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U.S. Radiation Detection Initiative to Halt Expansion
The Obama administration has halted expansion of an initiative to deploy radiation sensors at foreign seaports as it pushes to cut the program's budget by 85 percent in fiscal 2013, the U.S. Government Accountability Office said in an assessment made public on Wednesday.
Maintaining equipment deployed at 42 ports in 31 nations is now the Megaports Initiative's primary objective, according to a summary of the report's findings. Work to place detectors in five nations has been suspended, as have talks with other governments on the program, auditors said.
Meanwhile, the National Nuclear Security Administration "has not finalized a long-term plan for ensuring the sustainability of Megaports operations after NNSA transfers radiation detection equipment to partner countries," the report says. The semiautonomous Energy Department atomic office cannot guarantee the continued effectiveness of its "$850 million investment" in the Megaports Initiative in the absence of "a long-term plan for ensuring countries’ ability" to continue their end of the effort, the document warns.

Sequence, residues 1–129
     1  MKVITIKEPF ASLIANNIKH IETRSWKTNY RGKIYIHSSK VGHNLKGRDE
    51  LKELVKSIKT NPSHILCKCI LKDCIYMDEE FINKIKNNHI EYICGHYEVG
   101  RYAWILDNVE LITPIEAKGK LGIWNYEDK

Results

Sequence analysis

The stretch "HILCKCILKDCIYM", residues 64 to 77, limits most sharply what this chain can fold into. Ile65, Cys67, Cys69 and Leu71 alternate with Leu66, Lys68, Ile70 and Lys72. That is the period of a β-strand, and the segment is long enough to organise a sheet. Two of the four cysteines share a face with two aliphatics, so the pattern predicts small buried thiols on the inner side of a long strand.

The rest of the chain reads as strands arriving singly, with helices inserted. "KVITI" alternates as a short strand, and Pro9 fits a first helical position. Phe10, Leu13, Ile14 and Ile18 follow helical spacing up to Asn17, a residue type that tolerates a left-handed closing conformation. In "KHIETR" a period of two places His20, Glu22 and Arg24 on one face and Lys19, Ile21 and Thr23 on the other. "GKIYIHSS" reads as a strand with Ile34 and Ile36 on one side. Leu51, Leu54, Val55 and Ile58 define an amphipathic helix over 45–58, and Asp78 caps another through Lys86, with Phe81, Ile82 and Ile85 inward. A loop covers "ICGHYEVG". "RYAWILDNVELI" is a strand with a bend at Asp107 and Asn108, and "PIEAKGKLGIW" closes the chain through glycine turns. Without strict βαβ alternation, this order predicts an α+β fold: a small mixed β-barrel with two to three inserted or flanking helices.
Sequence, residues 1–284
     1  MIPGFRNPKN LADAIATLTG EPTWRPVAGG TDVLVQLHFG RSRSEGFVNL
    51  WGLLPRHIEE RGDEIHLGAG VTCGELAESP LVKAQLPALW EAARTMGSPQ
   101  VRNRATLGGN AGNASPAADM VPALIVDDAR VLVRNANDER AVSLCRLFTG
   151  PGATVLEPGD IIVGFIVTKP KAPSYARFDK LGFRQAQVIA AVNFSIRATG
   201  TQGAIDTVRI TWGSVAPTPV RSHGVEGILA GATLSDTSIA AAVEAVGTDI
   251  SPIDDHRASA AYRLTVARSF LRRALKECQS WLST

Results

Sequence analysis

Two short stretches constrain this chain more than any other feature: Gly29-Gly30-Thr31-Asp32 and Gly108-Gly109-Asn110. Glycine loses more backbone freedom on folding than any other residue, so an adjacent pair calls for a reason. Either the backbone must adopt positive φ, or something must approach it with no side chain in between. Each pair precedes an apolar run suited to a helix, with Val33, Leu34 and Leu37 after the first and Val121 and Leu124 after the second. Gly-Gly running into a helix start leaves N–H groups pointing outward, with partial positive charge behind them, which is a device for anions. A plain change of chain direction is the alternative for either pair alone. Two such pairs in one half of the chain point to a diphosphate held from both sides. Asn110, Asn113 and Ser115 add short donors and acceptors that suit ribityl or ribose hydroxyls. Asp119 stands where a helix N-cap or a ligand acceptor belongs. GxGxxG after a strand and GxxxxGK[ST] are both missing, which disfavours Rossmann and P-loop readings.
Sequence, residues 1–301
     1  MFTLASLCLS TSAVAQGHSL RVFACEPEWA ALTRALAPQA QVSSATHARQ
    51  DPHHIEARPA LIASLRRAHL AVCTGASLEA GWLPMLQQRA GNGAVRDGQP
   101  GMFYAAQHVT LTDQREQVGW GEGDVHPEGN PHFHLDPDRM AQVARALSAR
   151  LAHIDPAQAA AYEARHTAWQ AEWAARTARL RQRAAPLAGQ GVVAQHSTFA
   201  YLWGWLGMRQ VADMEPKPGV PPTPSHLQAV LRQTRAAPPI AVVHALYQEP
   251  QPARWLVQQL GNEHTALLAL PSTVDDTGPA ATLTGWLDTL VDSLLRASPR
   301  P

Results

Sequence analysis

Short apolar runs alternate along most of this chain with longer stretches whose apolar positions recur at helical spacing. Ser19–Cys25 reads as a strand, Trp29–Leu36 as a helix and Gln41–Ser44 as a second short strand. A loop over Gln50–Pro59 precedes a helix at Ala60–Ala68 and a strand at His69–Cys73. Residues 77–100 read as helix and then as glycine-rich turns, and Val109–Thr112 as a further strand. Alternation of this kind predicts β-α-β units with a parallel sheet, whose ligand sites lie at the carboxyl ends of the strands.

Separately, procedures for evaluating the program's achievements "do not provide sufficient information for decision-making because they do not evaluate the impact and effectiveness of the initiative," the assessment's authors wrote. "GAO has previously reported that agencies successfully assess performance when they use measures that demonstrate results, cover multiple program priorities and provide useful information for decision-making."
The congressional investigators said Megaports Initiative operators have failed to cooperate adequately with administrators of the Container Security Initiative, a separate Homeland Security Department effort to check for unconventional weapons in cargo heading to the United States.
"The two initiatives are co-located at 29 foreign seaports," the GAO report states. "In two countries, DHS officials told GAO that they were using personal radiation detectors -- a type of equipment intended for personal safety but not appropriate for scanning containers -- to inspect containers if their radiation detection equipment is broken. However, in both countries, the Megaports Initiative had more suitable equipment that DHS officials could have used."
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